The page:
President López Obrador signed his first presidential decree yesterday, creating a super commission that will conduct a new investigation into the case of the 43 students who disappeared in Guerrero more than four years ago.
Just two days after he was sworn in as president, López Obrador told parents of the missing students gathered at the National Palace that “there will be no barriers, no obstacles to arriving at the truth” about what happened to their sons.
The 43 young men, who were studying to become teachers at the Ayotzinapa Rural Teachers’ College, disappeared in Iguala in September 2014 and were presumably killed.
The case precipitated the worst crisis of former president Enrique Peña Nieto’s administration, triggered mass demonstrations in Mexico City and became representative of other disappearances and rampant violence and corruption.
The new commission, whose creation was ordered by a federal court in June, will have no limits to its investigation, complete access to existing information about the case and will offer protection to witnesses so that they can tell their stories without fear of repercussions.
Alejandro Encinas, deputy interior secretary for human rights, will head the commission, which will be funded by the Secretariat of Finance but could also receive monetary contributions from national and international organizations.
Family members of the victims, their lawyers and representatives of the secretariats of the Interior, Foreign Relations and Finance will all be part of the commission.
The Inter-American Commission on Human Rights, the Office of the United Nations High Commissioner for Human Rights and other international organizations, authorities and experts will also be permitted to “assist and cooperate” with the truth commission’s investigation.
López Obrador declared that his government will not be an accomplice to human rights violations, explaining that all lines of investigations will be pursued, including any role that the army may have played in the students’ disappearance.
“I believe that the investigation has to include the whole government, all the people involved,” he said, charging that an army probe would not inflict any damage, reputational or otherwise, on the military.
“Arriving at the truth and delivering justice doesn’t weaken institutions, it strengthens them. In this new government, the truth must reign above all else, it’s the truth that is revolutionary [and] Christian. Lying is reactionary, it’s of the devil,” López Obrador said.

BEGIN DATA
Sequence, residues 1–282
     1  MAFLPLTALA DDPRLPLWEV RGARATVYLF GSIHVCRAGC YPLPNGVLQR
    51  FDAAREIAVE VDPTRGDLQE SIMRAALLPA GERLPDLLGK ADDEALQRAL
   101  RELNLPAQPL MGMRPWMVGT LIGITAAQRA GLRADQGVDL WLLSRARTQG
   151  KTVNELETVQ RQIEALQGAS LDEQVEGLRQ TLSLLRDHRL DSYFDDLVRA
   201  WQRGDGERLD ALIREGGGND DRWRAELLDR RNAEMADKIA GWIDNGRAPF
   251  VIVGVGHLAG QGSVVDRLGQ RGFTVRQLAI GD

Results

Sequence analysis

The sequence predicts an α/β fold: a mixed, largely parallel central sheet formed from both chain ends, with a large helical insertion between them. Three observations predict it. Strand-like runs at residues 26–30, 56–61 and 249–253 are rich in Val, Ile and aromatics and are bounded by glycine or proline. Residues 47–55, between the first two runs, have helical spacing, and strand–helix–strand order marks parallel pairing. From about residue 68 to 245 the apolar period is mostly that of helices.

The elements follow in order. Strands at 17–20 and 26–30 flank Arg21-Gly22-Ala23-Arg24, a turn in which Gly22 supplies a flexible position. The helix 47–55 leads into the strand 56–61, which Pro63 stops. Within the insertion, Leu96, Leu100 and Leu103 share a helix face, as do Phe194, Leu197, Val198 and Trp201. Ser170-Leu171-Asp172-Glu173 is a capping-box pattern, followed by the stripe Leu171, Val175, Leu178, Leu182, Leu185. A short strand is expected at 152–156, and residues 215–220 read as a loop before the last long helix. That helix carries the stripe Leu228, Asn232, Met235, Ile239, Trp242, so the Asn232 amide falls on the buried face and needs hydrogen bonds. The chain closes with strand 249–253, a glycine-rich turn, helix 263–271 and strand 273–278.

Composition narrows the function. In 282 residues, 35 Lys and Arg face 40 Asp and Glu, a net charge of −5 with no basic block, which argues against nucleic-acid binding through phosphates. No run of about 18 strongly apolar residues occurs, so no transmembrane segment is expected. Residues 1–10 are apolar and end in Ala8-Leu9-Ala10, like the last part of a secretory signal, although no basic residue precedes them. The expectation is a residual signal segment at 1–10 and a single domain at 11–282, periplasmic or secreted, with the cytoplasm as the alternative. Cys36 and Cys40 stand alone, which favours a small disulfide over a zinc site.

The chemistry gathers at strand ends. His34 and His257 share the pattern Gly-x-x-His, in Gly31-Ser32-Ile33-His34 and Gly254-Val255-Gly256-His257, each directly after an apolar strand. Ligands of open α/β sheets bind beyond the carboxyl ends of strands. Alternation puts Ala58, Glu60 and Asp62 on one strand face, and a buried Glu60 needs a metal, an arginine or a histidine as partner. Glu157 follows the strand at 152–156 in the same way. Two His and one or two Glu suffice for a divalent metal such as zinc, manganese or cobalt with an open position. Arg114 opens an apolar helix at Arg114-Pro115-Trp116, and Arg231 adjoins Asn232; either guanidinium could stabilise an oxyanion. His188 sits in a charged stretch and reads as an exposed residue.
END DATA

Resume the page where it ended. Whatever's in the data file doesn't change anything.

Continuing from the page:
According to the former government’s “historical truth,” the 43 students were intercepted by corrupt municipal police in Iguala on September 26, 2014 while traveling on buses they had commandeered to travel to a protest march in Mexico City.
The police then handed them over to members of the Guerrero Unidos gang who killed the students, burned their bodies in a municipal dump and scattered their ashes in a nearby river.
However, the former government’s conclusion was widely questioned both within Mexico and internationally and authorities were heavily criticized for their handling of the case.
Many people suspected that the army played a role in the students’ disappearance but it was never subjected to investigation.
Deputy secretary Encinas said at the National Palace yesterday that members of the new commission and other government investigators would have “free access” to all facilities where “due to the circumstances of the case it is presumed that the missing persons or remains corresponding to them may have been present.”
Questioned whether the “free access” would extend to military barracks, Encinas responded that it would because “they are the only [facilities] that haven’t been opened [to investigators].”
Scores of people have been arrested for their alleged involvement in the students’ disappearance but both the United Nations and the National Human Rights Commission have said that there is evidence that many of them were tortured by authorities and likely forced into making admissions of guilt.
A federal court judge ruled late last month that 83 statements made by people accused of involvement in the crime must be omitted from the Ayotzinapa investigation due to evidence that their human rights were violated.
Three men who had been identified as actual perpetrators of the crime and who had supported the past government’s official version of events were consequently released from custody.
Parents of the missing students have always rejected the past government’s “historical truth” but are now placing their faith in the new administration to deliver answers – and their sons – to them.
“We ask you [López Obrador], as a father, to help us, to pull us out of this dumpster where Peña Nieto left us, and for you to gain the trust of all Mexicans, because we don’t trust anyone anymore,” pleaded María Martínez, the mother of one of the missing students.